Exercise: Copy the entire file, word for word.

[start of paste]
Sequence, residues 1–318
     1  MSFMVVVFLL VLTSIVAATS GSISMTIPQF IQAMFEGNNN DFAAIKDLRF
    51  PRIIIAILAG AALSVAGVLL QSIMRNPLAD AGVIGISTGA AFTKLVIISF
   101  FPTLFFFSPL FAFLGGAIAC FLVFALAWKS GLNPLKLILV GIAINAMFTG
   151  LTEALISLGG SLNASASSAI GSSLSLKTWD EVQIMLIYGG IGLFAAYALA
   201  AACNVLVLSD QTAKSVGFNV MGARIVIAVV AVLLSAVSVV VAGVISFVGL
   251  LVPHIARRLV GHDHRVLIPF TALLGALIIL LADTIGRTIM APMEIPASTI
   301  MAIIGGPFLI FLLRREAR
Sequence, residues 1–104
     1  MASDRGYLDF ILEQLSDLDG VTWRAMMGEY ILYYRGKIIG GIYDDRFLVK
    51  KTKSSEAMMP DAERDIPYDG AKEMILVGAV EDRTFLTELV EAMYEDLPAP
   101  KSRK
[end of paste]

Sequence, residues 1–318
     1  MSFMVVVFLL VLTSIVAATS GSISMTIPQF IQAMFEGNNN DFAAIKDLRF
    51  PRIIIAILAG AALSVAGVLL QSIMRNPLAD AGVIGISTGA AFTKLVIISF
   101  FPTLFFFSPL FAFLGGAIAC FLVFALAWKS GLNPLKLILV GIAINAMFTG
   151  LTEALISLGG SLNASASSAI GSSLSLKTWD EVQIMLIYGG IGLFAAYALA
   201  AACNVLVLSD QTAKSVGFNV MGARIVIAVV AVLLSAVSVV VAGVISFVGL
   251  LVPHIARRLV GHDHRVLIPF TALLGALIIL LADTIGRTIM APMEIPASTI
   301  MAIIGGPFLI FLLRREAR
Sequence, residues 1–104
     1  MASDRGYLDF ILEQLSDLDG VTWRAMMGEY ILYYRGKIIG GIYDDRFLVK
    51  KTKSSEAMMP DAERDIPYDG AKEMILVGAV EDRTFLTELV EAMYEDLPAP
   101  KSRK